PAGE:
1) Sṛṣṭi – creation, expansion

  • What do I really want in my life? What do I want to create more of in my life? What do I really want to embody, share, give and receive in my life?
  • How are my actions facilitating/cultivating/inviting/ moving towards this?
  • If my actions are not helping move towards this, why am I doing them/why am I acting as I am?
  • What can I do, what are practical steps I can take to help me move more in the direction of what I would like to create more of in my life?

2) Sthiti – sustenance, maintenance

  • What do I want to maintain in my life?
  • Honestly, holistically, what does this require or demand?

3) Samāhāra – dissolution, drawing back in, destruction/transformation

  • What do I want to pull back from, desist from, dissolve?
  • How are my actions helping me move towards this?
  • If my actions are not helping me move towards this, how can I modify them? Can I do them differently?
  • What are some practical steps I can take to move in this direction?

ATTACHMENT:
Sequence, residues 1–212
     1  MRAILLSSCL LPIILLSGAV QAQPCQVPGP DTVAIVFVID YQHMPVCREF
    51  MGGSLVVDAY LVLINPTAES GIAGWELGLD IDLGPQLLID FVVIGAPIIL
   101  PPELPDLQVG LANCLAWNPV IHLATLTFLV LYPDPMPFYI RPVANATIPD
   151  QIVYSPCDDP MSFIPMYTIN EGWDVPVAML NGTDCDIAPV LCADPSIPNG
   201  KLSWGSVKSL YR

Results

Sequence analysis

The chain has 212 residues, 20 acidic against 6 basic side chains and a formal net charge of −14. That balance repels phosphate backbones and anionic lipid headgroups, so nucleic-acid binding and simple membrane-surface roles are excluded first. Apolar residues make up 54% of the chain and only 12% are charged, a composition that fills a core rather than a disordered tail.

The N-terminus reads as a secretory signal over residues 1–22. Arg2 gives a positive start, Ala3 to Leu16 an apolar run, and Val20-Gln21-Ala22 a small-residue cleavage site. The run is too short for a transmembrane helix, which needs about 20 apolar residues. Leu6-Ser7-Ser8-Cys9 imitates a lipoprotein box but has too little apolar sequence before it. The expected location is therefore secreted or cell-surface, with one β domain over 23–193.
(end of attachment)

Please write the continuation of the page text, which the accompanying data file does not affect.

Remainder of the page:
4) Tirodhana Bhāva – concealing, veiling

  • How am I being wilfully complicit in my own continuing ignorance?
  • How am I participating in perpetuating my own identification with limiting false beliefs?
  • How am I being wilfully naïve?
  • Where do I need to grow up?

5) Anugraha – grace, revelation, re-membering, re-cognising

  • Are there ways in which I am inviting grace into my life?
  • Could I do more to invite grace and remembering into my life?
  • What does this mean practically for me?
  • What are some practical, realisable actions I can take to invite more grace and remembering into my life?

James Boag May 2017

[Picture credit:]

PS If you’ve found this post of interest please share as other people you know may find it interesting too…

One reply on “Living Fully

Leave a Reply

Your email address will not be published. Required fields are marked *